Document Analysis

HST 296: Document Analysis

Due: In section on April 19 or 20

15 Points

You are welcome to bring a smart phone or tablet to Special Collections to photograph the document that you plan to analyze for this assignment.

The documents are available to you at any point for further examination, Monday – Friday, 8:00am – 5:00pm, with no appointment necessary. Just ask for the items for HST 296.

The Goal:

This assignment encourages you to explore one particular “conspicuous” or “submerged” history as revealed in the various local documents housed in our Special Collections. All of the items that you will see during your visit are ones that an historian might use in order to better understand the past, and a key goal of HST 296 is to teach you how to analyze such evidence.

The Assignment:

Choose one document (or more than one, if they relate to the same topic) from those on display during your section’s scheduled visit to the Special Collections of King Library, or ask one of the librarians in Special Collections to help you find something that suits your specific interests. This assignment focuses on how local events on the Miami campus, in Oxford, and in southwest Ohio illustrate or, perhaps, contradict global trends. So the items on display will be very local in nature – issues of the Miami Student and the Miami yearbook; documents from Western College; official records and letters of the university; documents by and about Oxford residents and/or Miami alumni, including personal letters; and so on.

In 900 words (about 3-3.5 double-spaced pages), address the following:

1. What is the title of the document? When and where was it created, and who created it? What type of document is it (letter, newspaper article, etc.), and what is its general focus?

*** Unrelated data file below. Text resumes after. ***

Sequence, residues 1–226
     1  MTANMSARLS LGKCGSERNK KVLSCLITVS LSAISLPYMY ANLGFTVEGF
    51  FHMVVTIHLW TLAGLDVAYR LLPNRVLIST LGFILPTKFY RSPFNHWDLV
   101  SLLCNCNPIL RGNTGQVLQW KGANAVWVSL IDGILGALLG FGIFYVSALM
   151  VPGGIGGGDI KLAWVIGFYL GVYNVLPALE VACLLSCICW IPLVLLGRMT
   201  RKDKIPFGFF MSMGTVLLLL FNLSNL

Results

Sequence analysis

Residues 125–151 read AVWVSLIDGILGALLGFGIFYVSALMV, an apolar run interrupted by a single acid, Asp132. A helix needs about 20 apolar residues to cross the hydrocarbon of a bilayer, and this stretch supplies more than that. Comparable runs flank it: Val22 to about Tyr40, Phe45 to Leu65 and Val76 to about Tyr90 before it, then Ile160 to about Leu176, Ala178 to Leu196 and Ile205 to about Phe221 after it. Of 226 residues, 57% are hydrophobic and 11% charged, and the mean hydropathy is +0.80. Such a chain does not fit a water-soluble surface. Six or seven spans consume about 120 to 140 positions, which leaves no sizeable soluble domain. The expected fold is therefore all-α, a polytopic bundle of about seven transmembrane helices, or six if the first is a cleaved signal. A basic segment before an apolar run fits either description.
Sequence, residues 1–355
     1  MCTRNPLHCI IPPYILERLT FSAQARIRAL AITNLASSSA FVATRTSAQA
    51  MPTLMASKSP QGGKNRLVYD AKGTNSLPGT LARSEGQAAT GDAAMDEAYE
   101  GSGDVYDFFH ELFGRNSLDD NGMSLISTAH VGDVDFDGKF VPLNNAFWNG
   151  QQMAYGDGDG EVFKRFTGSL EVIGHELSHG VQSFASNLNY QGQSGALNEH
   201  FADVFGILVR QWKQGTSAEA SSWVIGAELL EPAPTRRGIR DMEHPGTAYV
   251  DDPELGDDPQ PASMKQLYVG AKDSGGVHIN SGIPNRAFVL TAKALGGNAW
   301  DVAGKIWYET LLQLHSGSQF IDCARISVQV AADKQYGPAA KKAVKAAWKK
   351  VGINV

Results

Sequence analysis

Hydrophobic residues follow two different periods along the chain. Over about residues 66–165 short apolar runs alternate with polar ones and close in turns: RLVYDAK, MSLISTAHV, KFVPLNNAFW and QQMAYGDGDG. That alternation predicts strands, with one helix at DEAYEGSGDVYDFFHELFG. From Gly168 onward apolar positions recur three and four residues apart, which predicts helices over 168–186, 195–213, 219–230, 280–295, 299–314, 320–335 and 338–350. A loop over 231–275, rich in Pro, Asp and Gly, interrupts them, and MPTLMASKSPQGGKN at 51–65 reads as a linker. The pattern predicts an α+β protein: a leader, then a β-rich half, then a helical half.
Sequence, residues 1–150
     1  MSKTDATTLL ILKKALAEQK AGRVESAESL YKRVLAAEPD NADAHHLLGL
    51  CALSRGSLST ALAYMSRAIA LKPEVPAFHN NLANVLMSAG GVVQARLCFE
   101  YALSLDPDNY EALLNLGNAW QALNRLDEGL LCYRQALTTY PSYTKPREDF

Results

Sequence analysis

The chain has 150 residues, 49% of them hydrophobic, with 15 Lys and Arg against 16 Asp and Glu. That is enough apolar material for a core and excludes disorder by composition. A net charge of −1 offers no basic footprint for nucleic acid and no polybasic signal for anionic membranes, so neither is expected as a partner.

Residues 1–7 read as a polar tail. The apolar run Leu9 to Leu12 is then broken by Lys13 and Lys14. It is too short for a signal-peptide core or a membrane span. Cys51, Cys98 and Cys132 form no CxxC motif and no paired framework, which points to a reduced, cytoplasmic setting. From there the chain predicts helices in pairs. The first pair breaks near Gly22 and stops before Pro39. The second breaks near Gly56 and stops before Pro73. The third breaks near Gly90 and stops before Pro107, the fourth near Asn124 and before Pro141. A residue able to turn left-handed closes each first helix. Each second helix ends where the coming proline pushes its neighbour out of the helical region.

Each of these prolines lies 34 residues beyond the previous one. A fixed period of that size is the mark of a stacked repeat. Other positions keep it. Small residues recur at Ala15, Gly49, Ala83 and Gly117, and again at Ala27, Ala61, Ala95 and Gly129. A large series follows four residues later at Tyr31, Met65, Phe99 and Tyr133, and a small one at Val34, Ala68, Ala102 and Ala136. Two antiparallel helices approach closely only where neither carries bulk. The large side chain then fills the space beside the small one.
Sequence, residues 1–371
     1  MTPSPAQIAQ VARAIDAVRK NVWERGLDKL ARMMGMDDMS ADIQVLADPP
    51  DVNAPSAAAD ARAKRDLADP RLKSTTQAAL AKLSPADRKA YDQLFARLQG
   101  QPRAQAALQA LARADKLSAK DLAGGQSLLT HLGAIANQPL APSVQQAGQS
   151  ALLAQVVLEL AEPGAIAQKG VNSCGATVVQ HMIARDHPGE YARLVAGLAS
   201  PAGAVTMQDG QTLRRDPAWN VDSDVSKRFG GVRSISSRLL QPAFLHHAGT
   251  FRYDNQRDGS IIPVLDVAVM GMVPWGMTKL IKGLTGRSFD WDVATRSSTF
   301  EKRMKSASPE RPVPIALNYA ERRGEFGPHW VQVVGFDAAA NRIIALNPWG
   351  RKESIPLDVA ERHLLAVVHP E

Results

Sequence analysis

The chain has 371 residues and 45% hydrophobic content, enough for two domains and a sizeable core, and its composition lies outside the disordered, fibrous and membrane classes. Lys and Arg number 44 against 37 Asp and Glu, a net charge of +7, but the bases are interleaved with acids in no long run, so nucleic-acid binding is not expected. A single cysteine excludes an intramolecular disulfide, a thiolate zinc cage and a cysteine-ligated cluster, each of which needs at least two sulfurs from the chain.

2. What “conspicuous” or “submerged” history does your document illustrate? Quote at least two different passages from the document that reveal this history.

3. Where does David Reynolds’s One World Divisible address the history revealed in your document? Or, if his book doesn’t seem to address this history, where could it have done so, given that it looked at related historical developments? Quote at least two passages from Reynolds to make your point.

4. Finally, what differences (or local variations) do you see between the history that your document reveals and that which Reynolds discusses on a broader global level, and what might account for those differences (for example, variations in media coverage, technological development, governmental systems, family structures, religious context, etc.)? Print as a hard copy, unless you receive specific permission from your Section Instructor to submit an electronic version.

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